“T’was a strange time when, Men were boys – and – boys were women; The professed strong were weak, And the weak were increasingly hopelessly weak.”

Charles Dodgson was a mathematician, an author and a writer of nonsense verses. He wrote a world famous book. His nom de plume was Lewis Carroll. He was the author of ‘Alice in Wonderland’. 

I surmise that if he were asked to pen a few words in some sort of verse about the most striking features of the twenty-first century, if he were alive, he would do far better than I ever could and would produce something both amusing and profound – to be read and discerned on different levels of understanding. 

Strange time indeed. For what we are told is not reality. It is some sort of distorted presentation of the world, as if we were, like Alice, ambulating through a make-believe world of pretensions in wonderland bolstered by fantastic fiction. A few broad brush examples from our world might suffice.


America? I start there. Why?

America, in the first quarter of the twenty-first century, is the world’s wealthiest and militarily most powerful country in the world. Additionally, America controls and pulls the strings of the global financial system. Thus, all of us on planet Earth, whether directly or indirectly, are impacted in our daily lives by the decision-making  processes made by the United States of America which holds and controls the world’s reserve currency. 

T’was a strange time...

How so?

Well two Presidents spring to mind as being  manly, so they proclaimed – strong, decisive and patriotically all American.

The first is George Bush Jr. Manly?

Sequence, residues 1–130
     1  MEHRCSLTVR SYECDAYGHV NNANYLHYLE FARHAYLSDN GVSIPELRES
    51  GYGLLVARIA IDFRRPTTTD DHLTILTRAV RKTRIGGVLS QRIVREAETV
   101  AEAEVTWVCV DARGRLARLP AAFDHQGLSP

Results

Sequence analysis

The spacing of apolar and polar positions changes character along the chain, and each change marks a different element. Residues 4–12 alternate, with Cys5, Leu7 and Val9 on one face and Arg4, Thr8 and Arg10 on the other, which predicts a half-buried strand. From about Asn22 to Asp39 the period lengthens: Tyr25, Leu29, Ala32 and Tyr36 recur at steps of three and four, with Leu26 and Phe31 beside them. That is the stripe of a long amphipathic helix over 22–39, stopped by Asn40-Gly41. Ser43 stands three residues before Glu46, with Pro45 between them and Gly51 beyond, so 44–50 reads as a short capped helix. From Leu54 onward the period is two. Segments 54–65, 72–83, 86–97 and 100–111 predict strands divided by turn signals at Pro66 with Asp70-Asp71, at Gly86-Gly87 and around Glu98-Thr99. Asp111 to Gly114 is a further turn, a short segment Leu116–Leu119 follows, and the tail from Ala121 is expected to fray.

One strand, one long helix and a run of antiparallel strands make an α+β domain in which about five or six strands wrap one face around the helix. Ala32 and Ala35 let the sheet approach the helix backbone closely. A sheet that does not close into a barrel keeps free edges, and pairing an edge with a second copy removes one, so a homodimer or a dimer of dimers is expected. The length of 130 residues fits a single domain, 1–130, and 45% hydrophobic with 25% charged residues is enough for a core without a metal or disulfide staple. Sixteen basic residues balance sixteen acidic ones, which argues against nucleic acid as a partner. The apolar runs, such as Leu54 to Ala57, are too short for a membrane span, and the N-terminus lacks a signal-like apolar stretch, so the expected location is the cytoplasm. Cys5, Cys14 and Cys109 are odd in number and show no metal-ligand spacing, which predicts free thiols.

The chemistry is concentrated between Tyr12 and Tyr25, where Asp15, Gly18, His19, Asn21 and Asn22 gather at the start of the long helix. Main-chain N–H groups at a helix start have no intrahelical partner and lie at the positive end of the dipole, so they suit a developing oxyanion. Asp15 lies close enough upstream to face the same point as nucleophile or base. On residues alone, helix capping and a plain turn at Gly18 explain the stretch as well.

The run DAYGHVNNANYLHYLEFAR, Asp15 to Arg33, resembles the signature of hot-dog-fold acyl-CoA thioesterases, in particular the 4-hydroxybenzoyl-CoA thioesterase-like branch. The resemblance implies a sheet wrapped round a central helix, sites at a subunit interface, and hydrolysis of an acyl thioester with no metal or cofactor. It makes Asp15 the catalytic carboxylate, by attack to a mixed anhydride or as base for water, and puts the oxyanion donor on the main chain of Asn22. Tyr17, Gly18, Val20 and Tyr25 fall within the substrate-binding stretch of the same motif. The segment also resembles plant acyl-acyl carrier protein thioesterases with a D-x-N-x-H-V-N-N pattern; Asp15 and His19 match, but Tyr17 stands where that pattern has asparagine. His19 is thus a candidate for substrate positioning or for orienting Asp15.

It seems to me strikingly paradoxical that a man who draft dodged finds himself professing his full support to fabricate reasons for a  war he simply was too cowardly to face in his time when he could have gone to battle. The result? Over one million Iraqis dead for reason of lies told and an unnecessary war based on that falsehood? But who will ever answer or be brought to justice for Bush’s illegal war?

So now we have Donald Trump. Sorry, we have the Great President Donald Trump who has vowed to make America great again. Later on we will examine some of his great expectations and the reality he faces. 

There – rather here, we have another draft dodger, who adores the military which  he had  wimped away from ever enlisting in –  and perish the thought of actually fighting like a man. But, give him his due, he seems not to want to start any new wars ( at least so he says) and he wants to be isolationist and bring the troops home ( so he says).

Well, for one clear example of the conundrum who is Donald Trump – one must ask a question. So the Iranian, General Solemani, is assassinated and the Iranians retaliate against US bases in Iraq. And Trump – well – he wants peace – but it  seems a rather odd way to seek it by unilaterally withdrawing from the US/Iranian nuclear deal then killing one of Iran’s top Generals. So  with such aggression – what does Trump really want? I suspect he likes ( loves?) power and would sooner remain transactional until his first term ends. He is not in the least transformative as his rhetoric on the economy, foreign policy,  unilateralism and his self-centered impulsive conduct might otherwise convince us of.

Like Humpty Dumpty, Donald Trump is a master at giving  special meaning to his words and deeds, for as was said by Humpty:-“When I use a word“, Humpty Dumpty said, in rather a scornful tone, “it means just what I choose it to mean—neither more nor less.”

“The question is,” said Alice, “whether you can make words mean so many different things.”

“The question is,” said Humpty Dumpty, “which is to be master—that’s all.”

And one would actually have to go “Through the looking glass” before at all coming any where close to understanding what Donald Trump actually means when he speaks; and quickly so too before he does yet another volte face. Such is the world – dominated by the US – within which we live.

The strong being weak

One could write both an economic and political treatise on how the US under Donald Trump is acting in the world. A few examples will suffice.